rationale was, apparently, to remove the major portion of the LEU from Iran,
thus delaying Iran’s potential to produce the core of its first nuclear
explosive device. The talks were then postponed for more than a month, the
IAEA produced a text of an agreement accepted by the Russian, US, and
Iranian delegations, and the Iranians went home to obtain the approval of
the agreement by their government. The government probably never had any
intention of approving this. The deadline for an Iranian reply came and went
and nothing happened. Meanwhile, Iran continued to enrich uranium.
Evaluating the proposal objectively, little would have been achieved, even
if the Iranians had agreed to it. The LEU stockpile would have been reduced,
and its quantity would be below what is needed for a complete nuclear weapon
core, but this would remain so for a short time only, since enrichment would
continue. Thus, the uranium transfer proposal bought precious time for the
Iranians, and no uranium enrichment suspension was even discussed.
Meanwhile, the end of the 2009 deadline set by the US for resolving the
Iranian nuclear issue also came and went, and nothing happened. The Iranians
are enriching, the US is hesitating, and the East seems to be quite happy
with the situation. The US year’s end deadline proved to be devoid of
substance. The US administration apparently had no fallback plan to deal
with such a situation, and if it had, it did not execute it. Although Iran
formally rejected the above plan, the IAEA director general was quoted as
saying that the plan was still on the table. One wonders what this would
achieve if it were now accepted by the Iranians, except for a further delay
of a comprehensive solution to the issue and a continuing enrichment of
uranium by Iran. Time is running short, and action is needed if Iran’s
almost inevitable achievement is to be thwarted.
The main solution, agreed to by almost all involved, is to level strong
sanctions. However, there is a lack of consensus on what these should be and
how to apply them. Recently, the idea has been floated that sanctions should
be applied mainly on those who are involved in Iran’s nuclear project – the
Revolutionary Guards. It is a worthy notion, but almost impossible to
implement. It is worthy, because it would not affect the man in the street,
who is anyway oppressed by the regime. It is impossible to implement,
because it is quite difficult to think of any effective sanctions that would
target only the Revolutionary Guards.
The only sanctions that make sense that could influence the Iranian regime
to cave in and at least suspend the uranium enrichment program and agree to
institute the inspections according to the Additional Protocol are the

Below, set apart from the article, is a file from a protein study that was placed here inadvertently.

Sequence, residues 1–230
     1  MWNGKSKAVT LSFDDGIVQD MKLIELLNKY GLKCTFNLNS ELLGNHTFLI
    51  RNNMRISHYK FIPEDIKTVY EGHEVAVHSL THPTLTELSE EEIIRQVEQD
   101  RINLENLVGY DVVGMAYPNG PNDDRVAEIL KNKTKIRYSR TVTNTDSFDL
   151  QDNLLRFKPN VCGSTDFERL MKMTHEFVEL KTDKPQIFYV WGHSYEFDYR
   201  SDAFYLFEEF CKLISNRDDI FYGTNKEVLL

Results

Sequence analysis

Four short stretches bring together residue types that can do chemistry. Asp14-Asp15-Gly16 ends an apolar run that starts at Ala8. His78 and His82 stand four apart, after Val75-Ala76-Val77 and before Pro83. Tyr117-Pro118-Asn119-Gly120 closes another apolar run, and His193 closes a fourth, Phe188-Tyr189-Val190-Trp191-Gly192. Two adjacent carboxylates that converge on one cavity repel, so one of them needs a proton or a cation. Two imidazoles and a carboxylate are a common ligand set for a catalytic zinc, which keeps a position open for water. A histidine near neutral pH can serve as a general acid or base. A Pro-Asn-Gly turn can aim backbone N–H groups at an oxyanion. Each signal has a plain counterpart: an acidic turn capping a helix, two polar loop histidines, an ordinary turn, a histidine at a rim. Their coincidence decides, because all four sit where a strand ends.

Iraqi-type sanctions. These should limit imports into Iran of anything but
foodstuffs, medicines, and other humanitarian aid, if and when necessary. No
other imports including oil distillates or technical equipment would be
supplied to Iran until it agrees to the above conditions. It is a mistake to
assume that any less severe sanctions would do the trick. Iran would go on
and continue enriching without giving much thought to the outside pressure.
If this is not undertaken by the Security Council, the US should implement
it with all the friends it can muster.
What would happen if this is not done? The one remaining way to prevent Iran
from becoming a nuclear power is military action against Iran’s nuclear
installations. This is a route fraught with dangers and uncertainties.
Depending on how successful the attack would be, the Iranian program could
suffer a severe setback. However, there is a high probability that Iran
would attempt to retaliate. Moreover, the Iranians would be able to
reestablish their facilities within a few years and the vicious cycle would
recommence. If both suggested routes of action are not applied or they fail
to achieve the expected results, then within a few years a nuclear Iran will
likely emerge and begin activating its plans for regional hegemony. This
would cause a major upset of power distribution in the region, possible new
wars, and possibly the complete loss of American hegemony in the Gulf
region. On a global scale, the nuclear non-proliferation regime would
suffer, perhaps beyond repair.
Unfortunately, it is the latter possibility that seems to be in the offing.
Unless the US – which for all its rhetoric seems resigned to this outcome –
takes strong sanctions action now, this is probably what will happen. Iran
should not be given the time to accomplish this.